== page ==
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Where To Go Fishing in Houston, Texas

While you might not think an urban area like Houston would be great for fishing, you’d be surprised how many great fishing spots are a short drive away.

Before You Go:

To fish in this state, you need to purchase a Texas fishing license unless you qualify for one of the following exemptions:

  • Children under the age of 17
  • Texas residents born before January 1, 1931
  • Texas residents 65 or older and born after January 1, 1931

For a full list of exemptions, we recommend checking out the Texas Parks & Wildlife site for a full list of fishing license requirements and exemptions.

Lake Anahuac

Lake Anahuac is part of a coastal wildlife refuge located 45 miles east of Houston along the eastern coast of Galveston Bay. This refuge is one of the few places with access to both freshwater and saltwater fishing in Texas.

Saltwater Fishing

If saltwater fishing is your cup of tea, you can’t go wrong with Lake Anahuac. The shoreline has some of the best wade fishing in all of Texas! You can catch speckled trout, redfish and southern flounder 24 hours a day. Boating is not permitted on the inland waterways of the refuge; however, there are three boat ramps that provide easy access to East Bay and Oyster Bayou.

Freshwater Fishing

If you prefer freshwater fishing, Lake Anahuac also has you covered. There are three fishing piers and a concrete bridge that runs along the East Bay Bayou at Skillern Tract that offers anglers without a boat some quality fishing. You can catch crappie, largemouth bass, gar, bowfin, channel catfish and blue catfish along the East Bay Bayou. While boating is not permitted in the lake, non-motorized boats such as canoes are allowed.

Lake Livingston

Lake Livingston is one of the largest lakes in all of Texas and has some great fishing. The lake is known for its healthy white bass population and is a notable catfish fishery. The lake is also one of the best places to catch largemouth bass, striper, crappie, and sunfish in Texas.

The lake sports three boat ramps, two fish cleaning stations, bank access and a fishing pier that accommodates all styles of fishing. The best part is if you forget your fishing gear, you can always borrow some from the local park store.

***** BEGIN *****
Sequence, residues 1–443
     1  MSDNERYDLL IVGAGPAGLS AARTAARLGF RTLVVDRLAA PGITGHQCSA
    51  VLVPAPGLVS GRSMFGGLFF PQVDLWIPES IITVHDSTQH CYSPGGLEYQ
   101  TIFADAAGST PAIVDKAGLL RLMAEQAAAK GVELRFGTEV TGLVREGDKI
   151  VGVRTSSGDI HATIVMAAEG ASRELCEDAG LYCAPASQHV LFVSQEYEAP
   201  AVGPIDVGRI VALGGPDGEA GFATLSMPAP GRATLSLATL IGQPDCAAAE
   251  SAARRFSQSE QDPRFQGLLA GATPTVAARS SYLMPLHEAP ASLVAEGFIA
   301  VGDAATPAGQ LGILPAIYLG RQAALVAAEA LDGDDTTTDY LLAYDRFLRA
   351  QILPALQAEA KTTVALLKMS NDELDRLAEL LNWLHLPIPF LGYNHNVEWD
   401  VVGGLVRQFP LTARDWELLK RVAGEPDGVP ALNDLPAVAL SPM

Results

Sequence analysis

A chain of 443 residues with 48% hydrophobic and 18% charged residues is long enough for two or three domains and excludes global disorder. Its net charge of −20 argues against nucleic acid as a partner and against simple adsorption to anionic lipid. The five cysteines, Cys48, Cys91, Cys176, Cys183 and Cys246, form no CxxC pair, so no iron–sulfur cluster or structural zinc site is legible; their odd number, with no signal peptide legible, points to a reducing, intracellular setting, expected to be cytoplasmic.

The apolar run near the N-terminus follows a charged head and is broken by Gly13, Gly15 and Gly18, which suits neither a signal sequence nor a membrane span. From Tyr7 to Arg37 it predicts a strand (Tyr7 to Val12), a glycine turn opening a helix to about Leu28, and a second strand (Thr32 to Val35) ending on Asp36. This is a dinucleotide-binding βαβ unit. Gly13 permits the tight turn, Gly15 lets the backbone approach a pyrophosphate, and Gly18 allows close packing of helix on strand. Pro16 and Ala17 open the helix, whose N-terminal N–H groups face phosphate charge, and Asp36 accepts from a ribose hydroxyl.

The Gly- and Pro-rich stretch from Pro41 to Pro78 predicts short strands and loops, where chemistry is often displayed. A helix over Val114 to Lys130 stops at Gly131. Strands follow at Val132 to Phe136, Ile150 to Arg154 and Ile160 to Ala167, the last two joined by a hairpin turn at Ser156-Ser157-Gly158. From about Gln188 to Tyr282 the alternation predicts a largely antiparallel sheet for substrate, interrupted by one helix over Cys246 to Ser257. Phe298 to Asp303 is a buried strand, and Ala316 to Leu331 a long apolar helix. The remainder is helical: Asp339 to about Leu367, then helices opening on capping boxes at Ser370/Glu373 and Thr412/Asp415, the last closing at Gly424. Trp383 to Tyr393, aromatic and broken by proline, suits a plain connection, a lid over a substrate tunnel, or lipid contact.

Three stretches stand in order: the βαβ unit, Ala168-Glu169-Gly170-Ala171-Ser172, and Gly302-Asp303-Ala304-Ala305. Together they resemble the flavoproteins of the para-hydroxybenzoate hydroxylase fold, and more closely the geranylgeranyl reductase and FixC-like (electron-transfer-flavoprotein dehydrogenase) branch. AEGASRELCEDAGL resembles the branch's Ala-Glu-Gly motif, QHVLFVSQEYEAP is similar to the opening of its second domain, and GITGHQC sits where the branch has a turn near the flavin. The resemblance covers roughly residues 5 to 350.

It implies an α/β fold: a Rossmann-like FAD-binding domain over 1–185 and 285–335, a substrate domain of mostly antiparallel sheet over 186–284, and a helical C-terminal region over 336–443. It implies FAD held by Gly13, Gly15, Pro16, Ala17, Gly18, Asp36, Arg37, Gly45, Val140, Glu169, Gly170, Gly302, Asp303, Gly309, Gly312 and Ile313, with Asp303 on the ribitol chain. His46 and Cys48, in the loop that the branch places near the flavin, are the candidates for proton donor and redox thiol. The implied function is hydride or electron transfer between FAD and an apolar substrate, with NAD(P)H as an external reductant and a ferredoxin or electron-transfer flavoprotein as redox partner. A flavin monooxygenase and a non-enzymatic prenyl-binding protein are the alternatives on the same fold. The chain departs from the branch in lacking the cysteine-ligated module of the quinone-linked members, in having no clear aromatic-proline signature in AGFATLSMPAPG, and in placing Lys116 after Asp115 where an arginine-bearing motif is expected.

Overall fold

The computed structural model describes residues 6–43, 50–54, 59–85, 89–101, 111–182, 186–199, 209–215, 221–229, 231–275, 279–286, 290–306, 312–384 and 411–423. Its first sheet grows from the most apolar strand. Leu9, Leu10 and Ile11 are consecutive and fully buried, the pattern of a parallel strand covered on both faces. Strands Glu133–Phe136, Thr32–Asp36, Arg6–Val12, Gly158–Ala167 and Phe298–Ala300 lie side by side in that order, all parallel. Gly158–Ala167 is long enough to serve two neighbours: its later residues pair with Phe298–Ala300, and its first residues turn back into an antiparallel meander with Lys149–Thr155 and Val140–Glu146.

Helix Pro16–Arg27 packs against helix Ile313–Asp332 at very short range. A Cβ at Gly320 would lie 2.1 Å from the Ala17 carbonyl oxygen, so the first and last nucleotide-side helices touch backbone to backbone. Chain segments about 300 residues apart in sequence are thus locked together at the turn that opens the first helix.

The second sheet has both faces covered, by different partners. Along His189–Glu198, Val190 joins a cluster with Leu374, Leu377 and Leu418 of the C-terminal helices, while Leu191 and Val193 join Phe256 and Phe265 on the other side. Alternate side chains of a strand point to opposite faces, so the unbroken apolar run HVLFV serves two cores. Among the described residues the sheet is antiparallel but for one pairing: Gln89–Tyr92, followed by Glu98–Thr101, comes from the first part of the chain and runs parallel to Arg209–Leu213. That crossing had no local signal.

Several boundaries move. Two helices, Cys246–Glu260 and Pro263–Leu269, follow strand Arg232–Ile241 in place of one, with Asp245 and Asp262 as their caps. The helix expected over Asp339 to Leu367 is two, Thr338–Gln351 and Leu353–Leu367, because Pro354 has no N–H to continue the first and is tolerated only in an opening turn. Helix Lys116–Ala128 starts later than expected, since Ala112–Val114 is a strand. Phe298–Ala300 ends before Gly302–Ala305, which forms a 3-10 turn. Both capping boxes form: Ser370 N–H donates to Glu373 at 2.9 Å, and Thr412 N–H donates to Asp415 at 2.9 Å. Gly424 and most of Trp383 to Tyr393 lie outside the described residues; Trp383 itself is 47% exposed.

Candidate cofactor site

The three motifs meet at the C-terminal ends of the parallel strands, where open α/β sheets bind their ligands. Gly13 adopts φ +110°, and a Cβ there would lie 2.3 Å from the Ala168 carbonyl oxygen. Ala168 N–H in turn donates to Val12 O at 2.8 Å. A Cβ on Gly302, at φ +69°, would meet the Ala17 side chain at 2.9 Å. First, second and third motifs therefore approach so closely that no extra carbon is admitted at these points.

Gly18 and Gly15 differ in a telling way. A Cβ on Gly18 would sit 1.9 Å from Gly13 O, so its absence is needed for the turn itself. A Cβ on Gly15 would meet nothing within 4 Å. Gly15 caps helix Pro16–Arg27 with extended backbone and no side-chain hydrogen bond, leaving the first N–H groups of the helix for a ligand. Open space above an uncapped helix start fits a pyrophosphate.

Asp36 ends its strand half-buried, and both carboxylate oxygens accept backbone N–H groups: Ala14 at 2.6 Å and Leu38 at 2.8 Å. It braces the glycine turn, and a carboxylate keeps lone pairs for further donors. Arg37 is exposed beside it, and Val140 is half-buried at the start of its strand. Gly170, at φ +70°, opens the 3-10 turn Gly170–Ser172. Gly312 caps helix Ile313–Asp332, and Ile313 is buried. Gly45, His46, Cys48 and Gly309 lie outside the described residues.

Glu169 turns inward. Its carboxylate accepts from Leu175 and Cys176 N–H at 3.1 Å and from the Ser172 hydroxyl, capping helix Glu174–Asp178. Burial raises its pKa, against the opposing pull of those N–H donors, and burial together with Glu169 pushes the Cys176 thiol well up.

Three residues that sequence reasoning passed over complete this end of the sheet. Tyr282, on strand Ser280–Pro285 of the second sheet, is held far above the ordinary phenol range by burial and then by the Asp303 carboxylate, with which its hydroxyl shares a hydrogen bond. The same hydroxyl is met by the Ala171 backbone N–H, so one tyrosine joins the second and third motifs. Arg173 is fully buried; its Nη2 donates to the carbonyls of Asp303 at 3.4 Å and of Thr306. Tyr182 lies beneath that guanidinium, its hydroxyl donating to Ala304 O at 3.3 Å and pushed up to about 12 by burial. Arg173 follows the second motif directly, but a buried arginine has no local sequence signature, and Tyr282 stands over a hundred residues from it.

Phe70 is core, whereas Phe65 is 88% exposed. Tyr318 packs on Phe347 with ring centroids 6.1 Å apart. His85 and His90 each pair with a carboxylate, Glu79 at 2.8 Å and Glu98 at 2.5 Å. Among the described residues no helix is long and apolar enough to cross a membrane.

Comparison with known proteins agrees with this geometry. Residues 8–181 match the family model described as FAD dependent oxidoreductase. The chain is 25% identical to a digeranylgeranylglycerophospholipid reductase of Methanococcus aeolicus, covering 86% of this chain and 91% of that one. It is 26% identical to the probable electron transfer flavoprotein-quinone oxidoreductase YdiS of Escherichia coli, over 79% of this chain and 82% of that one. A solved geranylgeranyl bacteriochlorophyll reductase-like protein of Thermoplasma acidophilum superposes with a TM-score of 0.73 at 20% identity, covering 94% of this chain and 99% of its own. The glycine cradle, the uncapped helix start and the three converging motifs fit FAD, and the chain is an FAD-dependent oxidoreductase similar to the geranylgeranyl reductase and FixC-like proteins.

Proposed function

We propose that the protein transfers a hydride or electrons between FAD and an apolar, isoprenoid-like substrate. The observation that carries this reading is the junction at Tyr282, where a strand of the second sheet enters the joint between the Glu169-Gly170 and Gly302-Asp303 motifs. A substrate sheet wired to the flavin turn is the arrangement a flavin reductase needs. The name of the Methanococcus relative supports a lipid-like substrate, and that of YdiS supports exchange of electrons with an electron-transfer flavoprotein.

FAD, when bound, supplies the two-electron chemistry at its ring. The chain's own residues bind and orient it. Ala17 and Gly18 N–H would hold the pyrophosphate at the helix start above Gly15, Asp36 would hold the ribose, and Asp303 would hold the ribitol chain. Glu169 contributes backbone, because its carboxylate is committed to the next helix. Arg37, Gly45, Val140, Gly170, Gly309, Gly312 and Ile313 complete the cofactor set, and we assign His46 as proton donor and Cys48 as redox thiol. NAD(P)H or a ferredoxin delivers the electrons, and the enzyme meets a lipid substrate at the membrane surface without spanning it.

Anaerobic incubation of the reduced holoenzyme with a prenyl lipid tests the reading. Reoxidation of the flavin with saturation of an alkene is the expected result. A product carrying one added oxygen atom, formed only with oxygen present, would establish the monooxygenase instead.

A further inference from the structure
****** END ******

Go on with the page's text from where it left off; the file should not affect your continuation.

Mary Jo Peckham Park

If you want to get in a great family fishing trip, then Mary Jo Peckham Park is the place for you. The parks department stocks the 5-acre lake every year with trout, largemouth bass, bluegill, blue catfish, channel catfish and rainbow trout, so there is always great fishing. The park has a great pier and easy bank access, which makes it great for fishing, especially for beginners.

Tom Bass Park

Located 13 miles from downtown, Tom Bass Park is one of Houston’s best urban fishing spots. The parks department has filled the ponds in the park with largemouth bass, blue catfish, channel catfish, rainbow trout, sunfish, bluegill, green sunfish, and redear. When it comes to urban fishing in Houston, you can’t beat the variety of species in Tom Bass Park.

Galveston Bay

Galveston Bay is the largest estuary along the Texas Gulf Coast and the second most productive estuary for seafood behind the Chesapeake Bay. The brackish water is home to a variety of marine species such as redfish, speckled trout, flounder, black drum and sheepshead. What makes the bay so unique is that it’s abnormally shallow, only reaching 10 feet deep in the center. This lends itself to some great fishing no matter your style.

Charter Boats

Arguably one of the best ways to fish the bay is by hiring a charter boat. Hiring a captain with local fishing knowledge will give you the most bang for your buck. A charter also gives you the opportunity to take a deep sea fishing expedition out into the Gulf.

Shore Fishing

The incredibly shallow waterways lend themselves to some great shore fishing and wade fishing. It doesn’t matter if you’re on the west coast or east coast of Galveston Bay, you don’t need a boat to catch a whopper! The immense shoreline and incredibly shallow water makes the bay perfect for shoreline fishing.